Schwinn 101/201 User Manual

Page 7

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Once you have made the commitment to get started in a home fitness

program, here are some suggestions that you may want consider to help you
get off on the right foot and stay motivated. Realize that any new habit is
difficult to establish at first, but it can be done. Follow these steps and you'll
be on your way to establishing and using your home fitness center for
improved health and fitness. Enjoy the journey!

Get a physical exam.

If you have been inactive for several years or new

to an exercise program, be sure to consult with your family physician.
Especially if you're over 35, have health problems or have a history of
heart disease in your family.

Begin planning for your home fitness center.

Set aside a portion or a room

in your house or apartment that is exclusively for fitness, and make sure
that it is as comfortable as possible so you'll enjoy using it. If you like music
or like to look outside while exercising, make sure these things are
accessible. Do not force yourself to exercise in a part of the house that isn't
comfortable as you will not feel motivated to exercise.

Do you need a companion?

If you prefer to exercise with someone, find a

friend to train with who lives nearby. Encouraging your spouse or children
to exercise with you is an excellent way to stay motivated and to promote
family unity.

Make fitness a part of your daily lifestyle.

Include it in your daily planner

just as you would any other appointment. Keep the appointment; you'll be
glad you did.

Use affirmations.

Affirmations will help you program your subconscious

to accept new beliefs. They should be positive statements. "I am living a
healthier lifestyle by exercising several times per week at home." Repeat
your affirmations several times per week.

■ Home Fitness Planning Worksheet

Target date to begin exercise program:_____________________

Times of day I can exercise:

Time #1________________________

Time #2________________________

Time #3________________________

Days of the week that are good for me to workout:

Day #1_________________________

Day #2_________________________

Day #3_________________________

Activities I would like to experiment with:

Activity #1 _____________________

Activity #2 _____________________

Activity #3 _____________________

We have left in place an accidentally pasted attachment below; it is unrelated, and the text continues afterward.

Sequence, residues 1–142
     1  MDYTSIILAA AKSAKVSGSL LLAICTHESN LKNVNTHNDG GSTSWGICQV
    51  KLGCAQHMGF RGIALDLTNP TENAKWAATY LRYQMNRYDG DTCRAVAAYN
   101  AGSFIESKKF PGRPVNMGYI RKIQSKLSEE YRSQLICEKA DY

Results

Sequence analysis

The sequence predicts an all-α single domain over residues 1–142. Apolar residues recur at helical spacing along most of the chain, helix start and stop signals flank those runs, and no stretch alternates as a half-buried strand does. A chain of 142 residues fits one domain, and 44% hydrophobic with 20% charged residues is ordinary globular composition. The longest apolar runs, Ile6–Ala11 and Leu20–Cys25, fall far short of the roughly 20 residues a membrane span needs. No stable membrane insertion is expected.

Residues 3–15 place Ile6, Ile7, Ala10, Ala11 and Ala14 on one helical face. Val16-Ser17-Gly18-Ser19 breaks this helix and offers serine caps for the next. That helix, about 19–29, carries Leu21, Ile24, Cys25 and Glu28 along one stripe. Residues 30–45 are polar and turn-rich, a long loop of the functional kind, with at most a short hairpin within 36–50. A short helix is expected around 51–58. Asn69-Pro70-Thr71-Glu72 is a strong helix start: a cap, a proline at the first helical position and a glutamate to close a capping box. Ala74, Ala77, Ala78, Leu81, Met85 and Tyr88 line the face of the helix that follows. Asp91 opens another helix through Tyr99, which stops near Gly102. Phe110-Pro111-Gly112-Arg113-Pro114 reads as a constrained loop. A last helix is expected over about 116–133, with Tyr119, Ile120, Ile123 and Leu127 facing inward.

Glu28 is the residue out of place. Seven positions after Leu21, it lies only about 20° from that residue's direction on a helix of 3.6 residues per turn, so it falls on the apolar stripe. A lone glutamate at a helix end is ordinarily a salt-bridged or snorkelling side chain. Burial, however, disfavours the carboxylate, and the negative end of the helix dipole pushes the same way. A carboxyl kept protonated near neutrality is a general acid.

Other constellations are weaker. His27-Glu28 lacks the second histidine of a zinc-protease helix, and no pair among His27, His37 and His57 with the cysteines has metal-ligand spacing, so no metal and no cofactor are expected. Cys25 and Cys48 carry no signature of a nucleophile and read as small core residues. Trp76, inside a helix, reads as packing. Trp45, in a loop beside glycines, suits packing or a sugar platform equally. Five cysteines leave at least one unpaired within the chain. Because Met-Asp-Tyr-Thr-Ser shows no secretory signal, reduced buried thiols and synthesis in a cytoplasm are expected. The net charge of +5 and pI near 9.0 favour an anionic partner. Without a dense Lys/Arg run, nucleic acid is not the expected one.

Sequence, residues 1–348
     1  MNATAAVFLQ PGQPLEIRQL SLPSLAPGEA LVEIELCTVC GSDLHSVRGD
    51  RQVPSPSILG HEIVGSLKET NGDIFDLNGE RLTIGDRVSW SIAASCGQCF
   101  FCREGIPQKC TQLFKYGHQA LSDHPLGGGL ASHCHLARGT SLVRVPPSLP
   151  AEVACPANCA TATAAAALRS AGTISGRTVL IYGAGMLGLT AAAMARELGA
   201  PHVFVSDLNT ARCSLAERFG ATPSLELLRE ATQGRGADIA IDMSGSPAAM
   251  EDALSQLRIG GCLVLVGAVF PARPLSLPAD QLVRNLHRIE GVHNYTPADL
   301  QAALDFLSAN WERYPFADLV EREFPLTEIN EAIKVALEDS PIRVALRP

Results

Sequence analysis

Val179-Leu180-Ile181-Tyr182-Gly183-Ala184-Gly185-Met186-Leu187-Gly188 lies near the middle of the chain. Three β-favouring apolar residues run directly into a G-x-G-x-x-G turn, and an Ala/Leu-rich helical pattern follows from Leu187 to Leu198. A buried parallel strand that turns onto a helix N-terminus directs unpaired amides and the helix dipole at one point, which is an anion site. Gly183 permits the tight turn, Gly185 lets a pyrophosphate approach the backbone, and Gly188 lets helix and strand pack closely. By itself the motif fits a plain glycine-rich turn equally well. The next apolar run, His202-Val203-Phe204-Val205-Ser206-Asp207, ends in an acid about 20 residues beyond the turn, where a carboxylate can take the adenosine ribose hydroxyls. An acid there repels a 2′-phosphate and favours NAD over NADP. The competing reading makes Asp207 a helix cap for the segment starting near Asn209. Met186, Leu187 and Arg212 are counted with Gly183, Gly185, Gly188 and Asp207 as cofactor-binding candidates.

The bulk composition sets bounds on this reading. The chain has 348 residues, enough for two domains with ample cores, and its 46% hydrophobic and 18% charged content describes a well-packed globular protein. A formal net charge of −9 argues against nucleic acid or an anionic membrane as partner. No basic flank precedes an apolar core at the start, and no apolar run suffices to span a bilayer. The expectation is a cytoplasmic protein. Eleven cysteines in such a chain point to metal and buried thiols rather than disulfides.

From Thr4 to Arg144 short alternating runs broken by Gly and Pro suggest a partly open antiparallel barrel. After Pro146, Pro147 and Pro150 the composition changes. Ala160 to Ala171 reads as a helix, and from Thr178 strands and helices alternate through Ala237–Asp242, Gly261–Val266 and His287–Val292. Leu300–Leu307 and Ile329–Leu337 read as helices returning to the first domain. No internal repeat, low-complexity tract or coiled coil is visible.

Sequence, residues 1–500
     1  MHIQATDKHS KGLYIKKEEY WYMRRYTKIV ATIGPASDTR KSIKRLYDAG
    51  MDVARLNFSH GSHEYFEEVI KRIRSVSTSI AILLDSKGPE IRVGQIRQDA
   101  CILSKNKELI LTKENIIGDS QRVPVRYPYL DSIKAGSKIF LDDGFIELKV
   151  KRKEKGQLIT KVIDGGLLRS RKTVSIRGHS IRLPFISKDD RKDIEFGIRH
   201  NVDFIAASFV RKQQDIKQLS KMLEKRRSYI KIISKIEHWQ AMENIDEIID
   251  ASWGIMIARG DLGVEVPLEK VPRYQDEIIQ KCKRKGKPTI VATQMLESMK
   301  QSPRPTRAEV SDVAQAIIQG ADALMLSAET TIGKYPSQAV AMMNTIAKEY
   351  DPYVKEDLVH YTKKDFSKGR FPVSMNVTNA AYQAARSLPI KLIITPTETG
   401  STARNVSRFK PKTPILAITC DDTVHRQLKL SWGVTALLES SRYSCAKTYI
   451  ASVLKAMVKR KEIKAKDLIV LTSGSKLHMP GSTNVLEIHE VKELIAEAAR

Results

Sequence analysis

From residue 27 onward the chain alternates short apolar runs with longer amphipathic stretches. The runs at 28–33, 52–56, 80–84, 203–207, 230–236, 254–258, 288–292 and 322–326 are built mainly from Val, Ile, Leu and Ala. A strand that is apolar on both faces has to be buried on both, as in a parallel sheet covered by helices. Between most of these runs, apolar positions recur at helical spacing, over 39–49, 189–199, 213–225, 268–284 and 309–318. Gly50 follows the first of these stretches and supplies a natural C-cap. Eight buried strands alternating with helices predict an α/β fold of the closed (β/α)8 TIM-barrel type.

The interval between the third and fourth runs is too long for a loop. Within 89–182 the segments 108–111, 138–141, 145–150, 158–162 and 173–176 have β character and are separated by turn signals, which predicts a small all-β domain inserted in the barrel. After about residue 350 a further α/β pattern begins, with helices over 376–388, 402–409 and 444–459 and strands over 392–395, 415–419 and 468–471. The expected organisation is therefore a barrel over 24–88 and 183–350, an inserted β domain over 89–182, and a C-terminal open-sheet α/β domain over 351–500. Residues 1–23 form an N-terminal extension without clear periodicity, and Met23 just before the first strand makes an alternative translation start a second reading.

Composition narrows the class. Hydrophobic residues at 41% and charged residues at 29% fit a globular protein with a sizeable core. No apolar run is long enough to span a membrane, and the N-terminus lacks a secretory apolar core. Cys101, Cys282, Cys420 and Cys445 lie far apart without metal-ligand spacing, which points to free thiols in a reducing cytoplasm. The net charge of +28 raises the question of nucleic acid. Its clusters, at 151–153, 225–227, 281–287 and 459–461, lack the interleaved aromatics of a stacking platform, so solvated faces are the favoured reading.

Exercise goals I wish to accomplish:

Goal #1_________________________

Goal #2_________________________

Goal #3_________________________

Individuals who will support me in my exercise program:

Person #1_______________________

Person #2_______________________

Person #3_______________________

Individuals who can wor kout with me:

Person #1_______________________

Person #2_______________________

Person #3_______________________

Over the last 25 years, ever since the introduction of Dr. Kenneth Cooper's

book, Aerobics, many individuals have focused on walking, running, cycling,
swimming, and other types of aerobic activity as their only means of exercise.

Unfortunately, this has led to many of these same people neglecting other

key components of fitness; such as strength training, flexibility and body
composition. Many of us lack the strength to carry a full bag of groceries, or
the flexibility to pick up our shoes without bending at the knees. In addition,
as we have aged, we have replaced muscle tissue with fat tissue.

Continued work by Dr. Cooper at the Institute of Aerobics Research, is

showing that in addition to the need to stress our cardiovascular systems, that
more attention needs to be placed on building stronger muscles and increasing
joint flexibility. They are talking about the benefits of balanced fitness: regular
physical activity that includes strength training and flexibility (stretching) in
addition to aerobic conditioning.

For many years, "fitness" has been solely a measure of cardiovascular

(aerobic) endurance. And, while aerobic fitness is the cornerstone for health
and quality of life, there are two other components that are nearly as
important. When developing your home fitness program it is only
appropriate that you develop all three components in order to achieve
balanced fitness, and thus optimal health and quality of life. The three
components are:

— Muscle strength
— Cardiovascular fitness
— Flexibility

■ Balance Fitness

Many people considering beginning a balanced home fitness program still

think "no pain, no gain." They usually think they have to cycle or lift weights
until they are over-tired and their body aches. This idea of fitness is outdated.
What they don't realize is that, in a short time using proper guidelines, the
initial tiredness or soreness will be replaced by increased energy for work and
recreation and an increased sense of well–being.

Since 1978, the American College of Sports Medicine (ACSM) has had an

influence on the medical and scientific communities with its position
statement on "The Recommended Quantity and Quality of Exercise for
Developing and Maintaining Fitness in Healthy Adults." For the first time
since 1978 the ACSM has revised its recommendations on exercise for healthy
adults. The new paper published in 1991 expands and revises advice on
cardiovascular fitness and body composition, and now recommends that you
add resistance training. This is new information to those of us who have
only cycled, run, swum, watched our body weight and controlled our diet to
attempt to maintain fitness.

Balanced fitness can do more to ensure a long, healthy life than just about

anything else known to the medical community today. It's never too late to
start a fitness program but ideally, you should build strong muscles, flexibility
and a strong cardiovascular system early in life and enter the later years with
your physical potential at its maximum.